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I came across this term while proofreading an unpublished poem by an Irish poet. The context is not important so I'll just say that it is clear that it means “toy cars”.

I Googled the term and see that it refers to a brand-name of die-cast toy car made by the British company Meccano starting in 1931, but, as far as I can tell, petering out in the early 1970s.

Is this a term that’s generally recognized, today, on both sides of the Atlantic? If I said “that’s a dinky car” in the US to an 18-year-old, would they understand? Or would the term only be understood by an older person (I’m Canadian and in my 40s, so I'm guessing older than me)? Would it only be understood in the UK/Ireland (/Australia, New Zealand, South Africa, etc.)?

In other words:

1. Is the term recognizable to a younger person? If so, in which countries?
2. Is the term recognizable to a North American? If so, of what ages?

And finally:

3. Is there a term for a toy car (other than toy car) that is widely recognized by English speakers of different ages and from different countries?

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These are often referred to as Dinky toys, since the firm made models of many things besides cars. –  TimLymington Aug 14 '12 at 16:00
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You mean there was a company that actually named itself Dinky? Deliberately? Let's just say, I'm not surprised we're talking about it in the past tense. :) –  Marthaª Aug 14 '12 at 16:29
    
@Marthaª No, Dinky cars were made by Meccano (part of Hornby). Matchbox cars were made by Lesney. Both are now owned by Mattel. –  Andrew Leach Aug 14 '12 at 16:47
    
In most countries, when a brand name becomes the standard term for a category of product, it is said to become generic and it loses its protection as a trademark. In the US, this is the case with elevator, but not with Kleenex. –  bib Aug 14 '12 at 17:28
    
@bib I think Kleenex is going that way, though. I (and many in the area I grew up) learned to use "kleenex" for all types of tissues. Ten years later, "tissue" still sounds odd to me. –  Izkata Aug 14 '12 at 21:58

8 Answers 8

up vote 5 down vote accepted

Although dinky is defined as "small; insignificant", as a North American speaker, I would think of a small, full-sized vehicle, like a VW Beetle or a Mini Cooper. A Matchbox car would be recognizable, though collectors might find it too specific if you're referring to die-cast toy cars, in general.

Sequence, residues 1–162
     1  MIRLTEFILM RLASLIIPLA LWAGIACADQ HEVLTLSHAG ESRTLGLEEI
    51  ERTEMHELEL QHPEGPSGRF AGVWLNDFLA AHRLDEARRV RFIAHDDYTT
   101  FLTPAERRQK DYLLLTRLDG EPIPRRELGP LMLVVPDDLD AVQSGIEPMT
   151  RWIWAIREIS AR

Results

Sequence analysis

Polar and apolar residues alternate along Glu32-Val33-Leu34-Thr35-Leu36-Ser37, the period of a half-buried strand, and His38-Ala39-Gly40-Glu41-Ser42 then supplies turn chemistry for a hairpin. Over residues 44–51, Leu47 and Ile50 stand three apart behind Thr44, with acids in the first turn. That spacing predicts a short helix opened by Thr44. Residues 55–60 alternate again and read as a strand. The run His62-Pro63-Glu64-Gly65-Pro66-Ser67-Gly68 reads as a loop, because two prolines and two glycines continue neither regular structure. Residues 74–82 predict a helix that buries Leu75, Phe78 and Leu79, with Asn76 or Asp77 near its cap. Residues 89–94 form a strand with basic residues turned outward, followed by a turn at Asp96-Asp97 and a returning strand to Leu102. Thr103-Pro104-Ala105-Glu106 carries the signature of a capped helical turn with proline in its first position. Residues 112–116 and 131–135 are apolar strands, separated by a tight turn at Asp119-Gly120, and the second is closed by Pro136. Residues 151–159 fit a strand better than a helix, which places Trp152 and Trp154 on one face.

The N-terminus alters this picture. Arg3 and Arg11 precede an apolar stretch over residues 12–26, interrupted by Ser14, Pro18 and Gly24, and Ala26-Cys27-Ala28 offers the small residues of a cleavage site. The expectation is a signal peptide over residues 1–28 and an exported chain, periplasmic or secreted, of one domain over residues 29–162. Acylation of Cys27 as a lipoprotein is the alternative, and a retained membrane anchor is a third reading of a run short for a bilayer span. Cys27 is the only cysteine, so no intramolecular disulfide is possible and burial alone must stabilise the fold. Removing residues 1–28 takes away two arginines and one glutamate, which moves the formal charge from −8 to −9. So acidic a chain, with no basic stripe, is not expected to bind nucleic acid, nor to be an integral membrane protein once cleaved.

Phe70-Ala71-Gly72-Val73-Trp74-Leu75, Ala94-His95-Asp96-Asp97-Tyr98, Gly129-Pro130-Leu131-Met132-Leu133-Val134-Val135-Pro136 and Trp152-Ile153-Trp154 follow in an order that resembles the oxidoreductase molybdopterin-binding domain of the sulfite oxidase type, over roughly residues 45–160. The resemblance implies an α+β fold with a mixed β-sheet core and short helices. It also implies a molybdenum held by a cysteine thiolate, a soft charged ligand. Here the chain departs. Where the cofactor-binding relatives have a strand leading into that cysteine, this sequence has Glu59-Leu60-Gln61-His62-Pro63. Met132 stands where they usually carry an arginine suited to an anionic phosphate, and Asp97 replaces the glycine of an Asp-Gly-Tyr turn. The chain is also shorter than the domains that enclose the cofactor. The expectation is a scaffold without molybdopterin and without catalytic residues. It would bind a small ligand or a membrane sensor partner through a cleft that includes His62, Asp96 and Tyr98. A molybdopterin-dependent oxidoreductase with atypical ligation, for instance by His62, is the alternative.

Edit: Some people may take issue with the use of a trademark as a generic term (which I would liken to frisbee), and although the company has its roots in the UK, it may not be well-known there. If you are wanting to avoid the word "toy", then perhaps simply die-cast car would work.

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So you're saying a North American, without context, might understand "dinky car" to mean a small car. I wonder if "Matchbox car" (which I have heard) is understood in Ireland/UK? –  JAM Aug 14 '12 at 15:43
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As a North American from central New Jersey, I most associate the term "Dinky car" with the Princeton Branch train. Next I'd think of a small car. I'd never get to a model car. –  Charles Aug 14 '12 at 15:49
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@Zairja great link +1 –  JAM Aug 14 '12 at 15:52
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Like @Charles & Zairja, I'd think of a small car before a toy car, but I'd like to add, I'd probably think of a Yugo before a Mini Cooper. (Dinky has almost an inherently pejorative ring to it; in the U.S., rinky-dink means "something considered shoddy and inferior.") –  J.R. Aug 14 '12 at 16:24
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But Matchbox is just another brand name the same as Dinky. –  FumbleFingers Aug 14 '12 at 16:41

Dinky (dinkey) goes back to 1788 from Scottish dialectal dink "finely dressed, trim", so obviously the trademark usage came later.

Thus it's not the same as, for example, [Brits] using hoover as a generic word for a vacuum cleaner, even though many people might think of Dinky that way (or indeed, Matchbox or Hot-Wheels, other related proprietary usages).

A more generic term would be [scale-]model car. Note that some serious collectors would object to calling such things "toys". They're also sometimes called diecast models, which invariably implies "dimensionally accurate, small-scale" reproductions.

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It's almost a crapshoot which trademarks get genericized on which side of the pond. :) Matchbox car is definitely as generic as frisbee or kleenex in the US, but Hoover is a brand name and hardly ever a generic. –  Mark Beadles Aug 14 '12 at 17:01
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@Mark Beadles: I didn't know until I just looked it up, but apparently Hoover was originally an American company. But Wikipedia says there the "eponymous" usage for vacuum cleaners in general is primarily British/Irish, which agrees with what you say. –  FumbleFingers Aug 14 '12 at 17:54
    
While commonly used (incorrectly according to the corporate owners), FRISBEE, KLEENEX and HOOVER are all valid trademarks in the US and are not considered generic (which would mean they lost legal protection). No enforcement is taken against individuals in everyday speech, but if there were commercial use of these terms by anyone other than the owners, the lawyers would weigh in. –  bib Aug 14 '12 at 20:15
    
@bib: Hmm. Maybe in your universe, big money tells you what word you can and can't use. In my universe, I decide what words I will use. If I walk into a cafe and and for "a Coke" (capitalised or not, the guy behind the counter can't hear the difference), I don't give a toss whether the cola I drink is made by Pepsi-Cola, Coca-Cola, or Cheaper-But-Just-As-Good-Cola. And where I live, Coca-Cola wouldn't have a hope in hell of prosecuting me for misusing their supposedly copyright word "coke". –  FumbleFingers Aug 15 '12 at 1:14
    
You are right about Coca-Cola not planning to prosecute you, but if they did, it would be for trademark infringement not copyright. And if they did, guys like me would defend you. –  bib Aug 15 '12 at 1:43

As a Canadian (from BC) in my mid-30's, I recall my mom using this term (dinky car) when I was growing up. I didn't even consider that it might not be universal until reading your question just now.

I'd say that I agree that the only other term besides simply "toy car" or "dinky car" that I've heard would be a matchbox car.

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I'm Canadian, from Ontario, and in late 20's, and dinky cars is what I called them when I was a kid. –  Grant Aug 14 '12 at 19:14